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Quote:
Originally Posted by Katiana View Post
There is plenty of research showing that kids cannot estimate speed until about age 10.
Then how are those kids in Little League able to hit change ups?
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Old 02-27-2014, 04:27 PM
Status: "Happy New Year!" (set 15 days ago)
 
Location: Foot of the Rockies
88,677 posts, read 105,056,885 times
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Quote:
Originally Posted by memph View Post
It's shared as in drivers can go there.

If you're going to have kids possibly darting out into traffic, wouldn't you want drivers to be going as cautiously as possible? You have

Status quo: Drivers drive with the assumption that kids will be responsible and not unexpectedly run into the road after a ball.*

Woonerf: Drivers have to make sure they are watching out for kids behaving unpredictably. That means if you see any kids playing outside, whether it's in front yards, at the side of the street or in the middle, you keep an eye on them as you're driving, and go slowly enough that you will have time to react. That can include coming to a full stop once you get to a certain distance if they haven't moved out of the way.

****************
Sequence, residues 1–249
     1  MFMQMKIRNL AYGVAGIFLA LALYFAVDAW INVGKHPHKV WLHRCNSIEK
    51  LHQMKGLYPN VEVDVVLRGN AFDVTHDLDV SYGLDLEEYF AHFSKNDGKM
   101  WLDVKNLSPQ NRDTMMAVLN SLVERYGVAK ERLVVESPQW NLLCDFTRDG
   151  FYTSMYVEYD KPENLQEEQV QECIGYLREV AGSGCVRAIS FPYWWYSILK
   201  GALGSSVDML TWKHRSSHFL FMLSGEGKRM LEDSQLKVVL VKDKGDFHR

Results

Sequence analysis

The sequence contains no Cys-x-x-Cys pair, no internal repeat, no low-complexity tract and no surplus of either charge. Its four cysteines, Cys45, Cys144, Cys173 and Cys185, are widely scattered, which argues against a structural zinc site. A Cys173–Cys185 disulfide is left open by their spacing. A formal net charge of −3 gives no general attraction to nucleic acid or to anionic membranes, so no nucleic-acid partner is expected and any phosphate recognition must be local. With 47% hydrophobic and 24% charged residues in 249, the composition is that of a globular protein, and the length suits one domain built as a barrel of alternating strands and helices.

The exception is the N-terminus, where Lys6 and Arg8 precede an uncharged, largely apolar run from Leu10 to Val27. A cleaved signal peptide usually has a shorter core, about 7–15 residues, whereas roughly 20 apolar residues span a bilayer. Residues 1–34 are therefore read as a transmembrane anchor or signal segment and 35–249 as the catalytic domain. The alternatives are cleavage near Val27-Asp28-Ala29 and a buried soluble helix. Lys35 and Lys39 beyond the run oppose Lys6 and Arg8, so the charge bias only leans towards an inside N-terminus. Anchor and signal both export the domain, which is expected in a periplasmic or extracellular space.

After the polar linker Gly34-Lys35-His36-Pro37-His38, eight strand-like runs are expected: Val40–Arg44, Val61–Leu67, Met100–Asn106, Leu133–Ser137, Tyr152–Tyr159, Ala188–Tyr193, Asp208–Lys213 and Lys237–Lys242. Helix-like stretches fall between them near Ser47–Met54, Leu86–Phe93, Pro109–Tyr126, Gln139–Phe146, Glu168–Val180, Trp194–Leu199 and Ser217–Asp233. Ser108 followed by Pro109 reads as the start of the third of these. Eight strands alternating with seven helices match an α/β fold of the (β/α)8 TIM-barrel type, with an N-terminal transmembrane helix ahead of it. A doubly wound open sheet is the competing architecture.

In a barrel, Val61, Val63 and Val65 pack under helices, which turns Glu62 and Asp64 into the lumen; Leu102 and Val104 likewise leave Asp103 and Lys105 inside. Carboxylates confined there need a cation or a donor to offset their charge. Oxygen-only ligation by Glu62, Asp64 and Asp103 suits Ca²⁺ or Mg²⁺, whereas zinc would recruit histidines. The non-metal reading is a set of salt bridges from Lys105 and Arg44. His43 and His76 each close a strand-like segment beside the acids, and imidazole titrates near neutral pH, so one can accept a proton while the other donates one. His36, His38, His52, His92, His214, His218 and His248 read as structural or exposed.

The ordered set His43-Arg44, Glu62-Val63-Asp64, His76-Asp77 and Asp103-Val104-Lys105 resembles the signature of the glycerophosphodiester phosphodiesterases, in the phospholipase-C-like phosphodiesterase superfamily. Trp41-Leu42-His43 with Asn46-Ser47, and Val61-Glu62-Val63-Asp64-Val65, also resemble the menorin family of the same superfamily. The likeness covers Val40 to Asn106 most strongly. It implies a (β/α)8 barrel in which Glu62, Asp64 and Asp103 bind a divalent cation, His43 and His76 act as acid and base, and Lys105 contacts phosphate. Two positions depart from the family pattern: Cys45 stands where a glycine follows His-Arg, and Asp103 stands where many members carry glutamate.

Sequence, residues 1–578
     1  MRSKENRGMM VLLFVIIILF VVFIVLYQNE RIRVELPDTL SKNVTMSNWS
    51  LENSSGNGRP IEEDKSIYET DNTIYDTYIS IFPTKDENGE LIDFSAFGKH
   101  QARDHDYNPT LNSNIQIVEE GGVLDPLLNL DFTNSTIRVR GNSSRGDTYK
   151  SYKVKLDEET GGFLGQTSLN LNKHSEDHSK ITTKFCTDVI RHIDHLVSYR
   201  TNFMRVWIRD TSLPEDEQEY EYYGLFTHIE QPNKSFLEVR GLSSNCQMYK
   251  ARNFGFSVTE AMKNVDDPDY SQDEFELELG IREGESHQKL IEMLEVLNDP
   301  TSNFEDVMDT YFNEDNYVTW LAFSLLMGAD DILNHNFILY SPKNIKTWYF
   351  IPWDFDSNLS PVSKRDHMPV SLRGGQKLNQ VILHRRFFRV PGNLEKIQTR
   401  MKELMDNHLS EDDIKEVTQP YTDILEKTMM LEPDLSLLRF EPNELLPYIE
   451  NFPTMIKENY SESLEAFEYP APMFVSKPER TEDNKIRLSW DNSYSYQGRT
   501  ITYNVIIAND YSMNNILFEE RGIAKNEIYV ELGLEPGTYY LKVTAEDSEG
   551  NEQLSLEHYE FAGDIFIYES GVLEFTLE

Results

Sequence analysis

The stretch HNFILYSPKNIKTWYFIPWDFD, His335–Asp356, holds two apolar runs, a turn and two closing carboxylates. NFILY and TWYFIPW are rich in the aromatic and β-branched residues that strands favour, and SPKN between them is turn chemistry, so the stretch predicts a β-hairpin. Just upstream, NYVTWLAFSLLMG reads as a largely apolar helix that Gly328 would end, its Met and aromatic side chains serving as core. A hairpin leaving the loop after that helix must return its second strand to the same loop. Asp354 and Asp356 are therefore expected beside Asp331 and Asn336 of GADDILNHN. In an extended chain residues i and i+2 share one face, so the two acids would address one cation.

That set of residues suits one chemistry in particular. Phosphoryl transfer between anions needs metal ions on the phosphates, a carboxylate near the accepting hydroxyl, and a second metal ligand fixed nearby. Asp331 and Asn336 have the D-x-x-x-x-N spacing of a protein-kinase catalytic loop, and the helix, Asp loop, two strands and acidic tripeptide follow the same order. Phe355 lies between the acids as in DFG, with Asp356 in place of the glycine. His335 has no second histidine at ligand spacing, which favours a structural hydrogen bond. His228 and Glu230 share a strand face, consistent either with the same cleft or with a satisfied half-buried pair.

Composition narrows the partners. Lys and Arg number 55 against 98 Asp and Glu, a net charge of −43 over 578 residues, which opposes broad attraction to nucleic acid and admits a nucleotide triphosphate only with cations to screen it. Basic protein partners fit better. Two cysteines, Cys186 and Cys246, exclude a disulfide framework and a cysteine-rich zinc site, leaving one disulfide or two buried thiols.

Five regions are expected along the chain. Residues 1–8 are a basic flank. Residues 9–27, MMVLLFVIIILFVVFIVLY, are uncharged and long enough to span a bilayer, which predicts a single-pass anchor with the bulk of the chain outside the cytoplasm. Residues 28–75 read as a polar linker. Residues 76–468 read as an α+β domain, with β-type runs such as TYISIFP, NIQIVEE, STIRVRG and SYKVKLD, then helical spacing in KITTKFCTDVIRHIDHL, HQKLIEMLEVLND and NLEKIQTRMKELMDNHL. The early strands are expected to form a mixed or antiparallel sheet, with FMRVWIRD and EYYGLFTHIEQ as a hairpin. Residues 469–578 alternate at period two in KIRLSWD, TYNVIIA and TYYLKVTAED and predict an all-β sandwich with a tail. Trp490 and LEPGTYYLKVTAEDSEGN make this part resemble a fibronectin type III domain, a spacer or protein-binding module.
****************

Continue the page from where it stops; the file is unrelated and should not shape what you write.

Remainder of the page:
If young children aren't able to judge speed and therefore determine what is a safe distance from a moving car, that's why in a woonerf it would be the driver's responsibility to make sure the kids are a safe distance from them. And kids can still be taught to move to the side if there's a car coming.

*I'm not even sure this is even the status quo. If you take driving lessons here, you're taught to look for children playing and acting unexpectedly in residential areas. Most people around here slow down if they see children playing near the street.
It's kind of hard to explain. Apparently in the woonerf, cars have to yield to everyone/everything else. I can see where it might be possible, given a group of rowdy older kids (say >8 or so), that a driver couldn't get out to the main road at all. The kids are playing say, baseball (though since this is the Netherlands, maybe more likely soccer), and they just don't want to yield to the driver. Tough luck, driver! The bold is the part where I said everyone has to know the rules of this game.